Tuesday, March 17, 2009

Something to Write Home About

It is always a pleasure to write about a good night of bowling. Don't get me wrong. It was not spectacular, but it was far better than our other recent outings. We set two new team records, Game 1 pin total (626) and single pin spares (18). Johnebob put up the highest score on record, a 225, which was his 2nd 200 game in two weeks. We should come away with at least two wins. Why "should"? We bowled unopposed.

We were supposed to face the mighty men of the team known as Lesser Fat, but they were a no show, something about "Spring Break." The truth is that they were scared, and they should have been. We came out after freshly insulting Pinnius and having been beat down week after week. We stood tied for 3rd place in the league. It was time to make our move. We have been using the "Sea Biscuit Strategy." In short, you start strong, then fall back letting another team or two to get a taste of the lead. Then, you finish strongly and blow them away to take the victory.

Based on 56 games on record, it is possible to estimate with some precision what last night's performance will mean in terms of wins and losses. If Lesser Fat does not make up the game, we go 4-0. If they do, anything is possible, but certain outcomes are more likely than others. Here are the probabilities:

0-4: 1.2%
1-3: 10.3%
2-2: 32.6%
3-1: 38.7%
4-0: 17.2%

In short, it would be really unlikely and unlucky for us to win fewer than two games. This would occur less than 12% of the time. Our most likely outcome is 3-1, followed by 2-2. A 4-0 night is more likely than a 1-3. Time will tell.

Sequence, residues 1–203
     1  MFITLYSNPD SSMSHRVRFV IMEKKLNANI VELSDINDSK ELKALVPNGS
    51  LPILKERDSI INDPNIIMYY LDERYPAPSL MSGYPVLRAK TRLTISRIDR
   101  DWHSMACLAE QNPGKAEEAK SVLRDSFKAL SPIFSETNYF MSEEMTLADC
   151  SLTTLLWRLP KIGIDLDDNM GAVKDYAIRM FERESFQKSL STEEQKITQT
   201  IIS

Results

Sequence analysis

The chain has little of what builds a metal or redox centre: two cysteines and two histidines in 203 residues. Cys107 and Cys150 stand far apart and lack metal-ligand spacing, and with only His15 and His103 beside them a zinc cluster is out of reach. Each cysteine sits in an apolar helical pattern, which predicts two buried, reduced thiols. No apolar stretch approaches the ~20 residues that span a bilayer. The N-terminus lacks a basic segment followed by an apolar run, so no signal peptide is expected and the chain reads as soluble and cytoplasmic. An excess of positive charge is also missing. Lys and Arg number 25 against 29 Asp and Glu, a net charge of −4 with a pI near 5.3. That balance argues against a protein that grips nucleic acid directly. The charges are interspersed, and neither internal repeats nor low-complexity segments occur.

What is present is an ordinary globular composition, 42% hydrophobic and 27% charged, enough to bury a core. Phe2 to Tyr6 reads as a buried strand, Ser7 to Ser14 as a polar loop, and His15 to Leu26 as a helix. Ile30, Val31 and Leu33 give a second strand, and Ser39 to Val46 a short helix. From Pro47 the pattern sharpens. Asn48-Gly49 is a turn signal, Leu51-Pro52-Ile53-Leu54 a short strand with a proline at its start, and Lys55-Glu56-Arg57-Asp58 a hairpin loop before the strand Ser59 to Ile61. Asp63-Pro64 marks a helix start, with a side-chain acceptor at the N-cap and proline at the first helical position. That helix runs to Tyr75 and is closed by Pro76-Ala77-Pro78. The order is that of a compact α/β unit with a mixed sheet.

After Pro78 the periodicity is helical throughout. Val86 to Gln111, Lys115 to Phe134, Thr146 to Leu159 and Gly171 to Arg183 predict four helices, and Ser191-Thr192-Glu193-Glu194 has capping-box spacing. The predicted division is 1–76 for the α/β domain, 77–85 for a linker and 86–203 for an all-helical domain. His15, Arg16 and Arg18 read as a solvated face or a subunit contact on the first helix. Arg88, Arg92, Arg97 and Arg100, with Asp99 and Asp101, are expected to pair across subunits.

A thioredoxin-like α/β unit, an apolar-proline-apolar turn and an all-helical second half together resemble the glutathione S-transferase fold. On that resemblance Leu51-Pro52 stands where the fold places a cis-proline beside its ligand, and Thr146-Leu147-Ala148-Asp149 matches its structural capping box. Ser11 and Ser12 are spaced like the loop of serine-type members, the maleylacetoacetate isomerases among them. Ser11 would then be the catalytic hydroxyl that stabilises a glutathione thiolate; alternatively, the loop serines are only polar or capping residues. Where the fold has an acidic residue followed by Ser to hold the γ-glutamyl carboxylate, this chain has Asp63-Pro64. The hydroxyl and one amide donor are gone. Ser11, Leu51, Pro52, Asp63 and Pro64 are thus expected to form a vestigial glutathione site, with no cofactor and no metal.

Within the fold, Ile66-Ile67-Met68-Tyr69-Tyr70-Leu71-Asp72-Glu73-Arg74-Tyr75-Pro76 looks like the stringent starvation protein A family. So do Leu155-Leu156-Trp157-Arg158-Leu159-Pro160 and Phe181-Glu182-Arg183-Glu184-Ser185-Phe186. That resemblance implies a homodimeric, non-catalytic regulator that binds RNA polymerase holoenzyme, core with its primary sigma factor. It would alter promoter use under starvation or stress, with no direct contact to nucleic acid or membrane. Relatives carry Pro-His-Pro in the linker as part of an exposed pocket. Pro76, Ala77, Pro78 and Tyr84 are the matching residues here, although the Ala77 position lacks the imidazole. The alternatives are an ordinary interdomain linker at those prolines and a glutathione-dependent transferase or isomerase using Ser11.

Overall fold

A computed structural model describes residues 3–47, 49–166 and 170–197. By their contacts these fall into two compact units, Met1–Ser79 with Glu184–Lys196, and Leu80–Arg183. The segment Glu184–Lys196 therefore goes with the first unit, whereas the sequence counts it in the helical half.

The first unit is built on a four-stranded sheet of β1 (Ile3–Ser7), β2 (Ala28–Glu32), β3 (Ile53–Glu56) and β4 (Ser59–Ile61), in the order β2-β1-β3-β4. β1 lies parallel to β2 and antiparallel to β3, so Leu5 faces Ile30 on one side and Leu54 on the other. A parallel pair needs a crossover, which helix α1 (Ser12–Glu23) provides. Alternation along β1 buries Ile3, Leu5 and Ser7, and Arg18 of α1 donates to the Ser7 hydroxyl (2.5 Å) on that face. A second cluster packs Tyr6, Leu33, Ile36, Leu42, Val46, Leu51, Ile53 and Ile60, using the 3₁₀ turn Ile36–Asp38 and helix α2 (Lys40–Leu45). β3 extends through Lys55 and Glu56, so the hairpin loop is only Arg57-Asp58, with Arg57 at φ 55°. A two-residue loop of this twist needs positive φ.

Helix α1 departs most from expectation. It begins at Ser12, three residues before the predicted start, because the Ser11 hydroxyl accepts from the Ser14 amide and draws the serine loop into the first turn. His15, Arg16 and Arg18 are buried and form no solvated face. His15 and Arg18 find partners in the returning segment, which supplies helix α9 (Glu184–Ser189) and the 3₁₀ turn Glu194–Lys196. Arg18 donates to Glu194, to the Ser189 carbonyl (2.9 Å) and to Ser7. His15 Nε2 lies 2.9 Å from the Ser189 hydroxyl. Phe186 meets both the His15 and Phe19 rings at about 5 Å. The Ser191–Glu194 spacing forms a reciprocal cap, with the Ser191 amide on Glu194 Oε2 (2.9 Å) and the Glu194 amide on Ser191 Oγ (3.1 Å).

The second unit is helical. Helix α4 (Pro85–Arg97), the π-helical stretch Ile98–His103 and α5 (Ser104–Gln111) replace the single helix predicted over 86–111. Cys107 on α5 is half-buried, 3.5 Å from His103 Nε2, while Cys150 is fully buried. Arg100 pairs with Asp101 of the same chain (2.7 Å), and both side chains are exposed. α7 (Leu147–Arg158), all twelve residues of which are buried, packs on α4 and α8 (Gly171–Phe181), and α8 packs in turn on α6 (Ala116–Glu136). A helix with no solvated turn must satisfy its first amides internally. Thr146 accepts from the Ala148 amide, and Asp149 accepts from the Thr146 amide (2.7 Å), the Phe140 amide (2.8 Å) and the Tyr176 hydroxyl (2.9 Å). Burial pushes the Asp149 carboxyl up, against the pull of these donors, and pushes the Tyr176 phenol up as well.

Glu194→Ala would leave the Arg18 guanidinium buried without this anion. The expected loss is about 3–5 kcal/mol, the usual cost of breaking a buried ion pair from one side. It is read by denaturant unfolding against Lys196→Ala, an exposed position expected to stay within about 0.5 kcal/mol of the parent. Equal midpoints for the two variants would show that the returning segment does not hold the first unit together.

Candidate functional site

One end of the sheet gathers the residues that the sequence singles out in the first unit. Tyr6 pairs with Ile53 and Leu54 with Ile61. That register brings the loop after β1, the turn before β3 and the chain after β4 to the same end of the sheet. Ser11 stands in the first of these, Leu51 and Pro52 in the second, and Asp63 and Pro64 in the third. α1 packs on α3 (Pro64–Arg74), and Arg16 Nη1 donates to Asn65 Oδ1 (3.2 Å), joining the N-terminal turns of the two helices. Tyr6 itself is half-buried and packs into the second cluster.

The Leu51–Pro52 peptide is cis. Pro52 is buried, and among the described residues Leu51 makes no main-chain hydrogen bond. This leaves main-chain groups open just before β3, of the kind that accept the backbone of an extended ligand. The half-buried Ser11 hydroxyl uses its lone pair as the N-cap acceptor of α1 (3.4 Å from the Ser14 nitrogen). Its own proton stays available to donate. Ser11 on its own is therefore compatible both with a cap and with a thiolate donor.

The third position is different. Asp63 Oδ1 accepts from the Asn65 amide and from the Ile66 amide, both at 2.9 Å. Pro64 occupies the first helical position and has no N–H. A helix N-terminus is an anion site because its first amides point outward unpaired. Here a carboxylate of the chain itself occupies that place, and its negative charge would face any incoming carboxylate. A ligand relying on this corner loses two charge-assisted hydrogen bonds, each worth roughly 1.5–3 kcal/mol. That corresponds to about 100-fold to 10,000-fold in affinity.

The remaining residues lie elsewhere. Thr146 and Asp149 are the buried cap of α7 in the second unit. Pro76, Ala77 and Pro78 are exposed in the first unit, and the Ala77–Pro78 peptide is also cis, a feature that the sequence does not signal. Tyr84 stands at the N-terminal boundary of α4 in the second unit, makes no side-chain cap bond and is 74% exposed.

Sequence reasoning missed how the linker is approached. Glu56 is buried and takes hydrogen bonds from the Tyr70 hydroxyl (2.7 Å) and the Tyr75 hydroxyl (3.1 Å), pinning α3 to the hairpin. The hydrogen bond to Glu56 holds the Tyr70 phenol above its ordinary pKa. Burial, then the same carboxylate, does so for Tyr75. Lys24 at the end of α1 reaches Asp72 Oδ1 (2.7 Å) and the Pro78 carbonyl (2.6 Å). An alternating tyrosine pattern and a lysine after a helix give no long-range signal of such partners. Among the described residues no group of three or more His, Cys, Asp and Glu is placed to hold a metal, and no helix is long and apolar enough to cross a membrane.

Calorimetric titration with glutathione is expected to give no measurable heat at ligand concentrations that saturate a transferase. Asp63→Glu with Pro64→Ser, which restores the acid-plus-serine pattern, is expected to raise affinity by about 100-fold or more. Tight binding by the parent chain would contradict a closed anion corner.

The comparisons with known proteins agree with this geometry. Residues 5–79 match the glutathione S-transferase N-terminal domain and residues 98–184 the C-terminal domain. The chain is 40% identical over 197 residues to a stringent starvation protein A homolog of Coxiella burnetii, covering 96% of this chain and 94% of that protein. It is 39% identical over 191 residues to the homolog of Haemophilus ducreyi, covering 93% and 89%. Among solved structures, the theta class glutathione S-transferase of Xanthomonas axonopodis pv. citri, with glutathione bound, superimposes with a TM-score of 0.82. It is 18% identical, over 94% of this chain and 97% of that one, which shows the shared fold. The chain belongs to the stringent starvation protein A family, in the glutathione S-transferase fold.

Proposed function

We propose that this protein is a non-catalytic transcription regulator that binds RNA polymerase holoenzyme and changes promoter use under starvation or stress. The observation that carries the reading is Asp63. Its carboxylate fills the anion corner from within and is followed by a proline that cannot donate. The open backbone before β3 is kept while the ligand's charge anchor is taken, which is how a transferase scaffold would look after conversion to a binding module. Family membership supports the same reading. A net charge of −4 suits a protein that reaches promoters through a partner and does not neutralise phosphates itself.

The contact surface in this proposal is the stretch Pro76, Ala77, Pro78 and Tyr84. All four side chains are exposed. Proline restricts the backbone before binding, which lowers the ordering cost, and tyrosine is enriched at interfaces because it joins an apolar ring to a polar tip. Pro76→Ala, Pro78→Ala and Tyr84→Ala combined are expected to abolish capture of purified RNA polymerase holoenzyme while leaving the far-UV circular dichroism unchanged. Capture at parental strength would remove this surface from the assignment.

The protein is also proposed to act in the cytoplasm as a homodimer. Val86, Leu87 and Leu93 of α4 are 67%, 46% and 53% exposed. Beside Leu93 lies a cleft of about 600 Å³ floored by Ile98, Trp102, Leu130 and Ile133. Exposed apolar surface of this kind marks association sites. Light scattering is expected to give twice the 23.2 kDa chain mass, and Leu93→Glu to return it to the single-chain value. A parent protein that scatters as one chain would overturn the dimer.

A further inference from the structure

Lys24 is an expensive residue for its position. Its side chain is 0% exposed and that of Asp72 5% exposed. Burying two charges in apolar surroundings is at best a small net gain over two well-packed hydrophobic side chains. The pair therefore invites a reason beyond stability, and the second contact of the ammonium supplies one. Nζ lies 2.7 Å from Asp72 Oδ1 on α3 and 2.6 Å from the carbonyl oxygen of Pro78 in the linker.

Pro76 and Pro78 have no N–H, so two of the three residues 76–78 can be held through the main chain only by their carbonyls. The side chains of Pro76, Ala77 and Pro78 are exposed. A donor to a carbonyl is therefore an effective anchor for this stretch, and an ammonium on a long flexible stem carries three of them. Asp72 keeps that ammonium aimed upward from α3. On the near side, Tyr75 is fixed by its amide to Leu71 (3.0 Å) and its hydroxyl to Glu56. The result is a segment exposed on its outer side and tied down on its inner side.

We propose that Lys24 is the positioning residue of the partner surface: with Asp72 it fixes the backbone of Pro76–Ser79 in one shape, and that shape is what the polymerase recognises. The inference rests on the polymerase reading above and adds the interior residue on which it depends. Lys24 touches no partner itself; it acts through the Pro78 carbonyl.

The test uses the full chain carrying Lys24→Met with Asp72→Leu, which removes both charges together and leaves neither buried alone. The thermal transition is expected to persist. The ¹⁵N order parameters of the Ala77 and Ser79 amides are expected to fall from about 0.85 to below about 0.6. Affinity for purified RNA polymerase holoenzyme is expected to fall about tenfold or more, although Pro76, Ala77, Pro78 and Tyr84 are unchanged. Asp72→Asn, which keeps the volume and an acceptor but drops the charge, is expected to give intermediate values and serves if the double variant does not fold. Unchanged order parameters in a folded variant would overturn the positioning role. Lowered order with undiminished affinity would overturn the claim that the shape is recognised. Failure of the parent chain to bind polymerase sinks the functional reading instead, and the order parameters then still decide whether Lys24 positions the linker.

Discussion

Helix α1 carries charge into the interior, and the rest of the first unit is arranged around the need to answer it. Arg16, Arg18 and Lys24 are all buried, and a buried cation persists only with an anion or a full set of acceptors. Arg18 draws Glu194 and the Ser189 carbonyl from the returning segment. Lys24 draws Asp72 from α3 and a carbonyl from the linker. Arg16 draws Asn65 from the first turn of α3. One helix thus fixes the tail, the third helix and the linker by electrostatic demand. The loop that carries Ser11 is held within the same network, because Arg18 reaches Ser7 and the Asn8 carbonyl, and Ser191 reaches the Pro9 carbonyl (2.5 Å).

The big news from last night was Johnebob's 225. With that monster game, he now holds the records for high game scores for every game, with each score exceeding 200. If you want to take away one of his records, you will have to roll at least a 201. In honor of this achievement, I thought I would look at everyone's high scores by game, shown below.

Everybody's high scores fall within a fairly narrow range. The rookie has put up highs of 169, 168, and 157 for Games 1 to 3, respectively. Joe and I have very similar highs ranging between 182 and 193. Johnebob is in a league of his own with 201 (Game 2), 213 (Game 3), and 225 (Game 1). I think John has moved into a new phase of his bowling career, which brings me to one final point. We have now observed bowlers over an extended period of time. At least three phases of bowler are recognizable. They are listed below.

Phase 1: Rookie Bowler (Avg: 110-135) Movements: Geoff
Phase 2: Developing Bowler (Avg: 135-150) Movements: Joe, Todd
Phase 3: Transitional Bowler (Avg 150-165) Movements: John

The remaining phases have yet to be determined. But thank Pinnius, we finally came together as a team, largely due to the efforts of our leadoff man who dominated the leaderboard. Now that's something to write home about.

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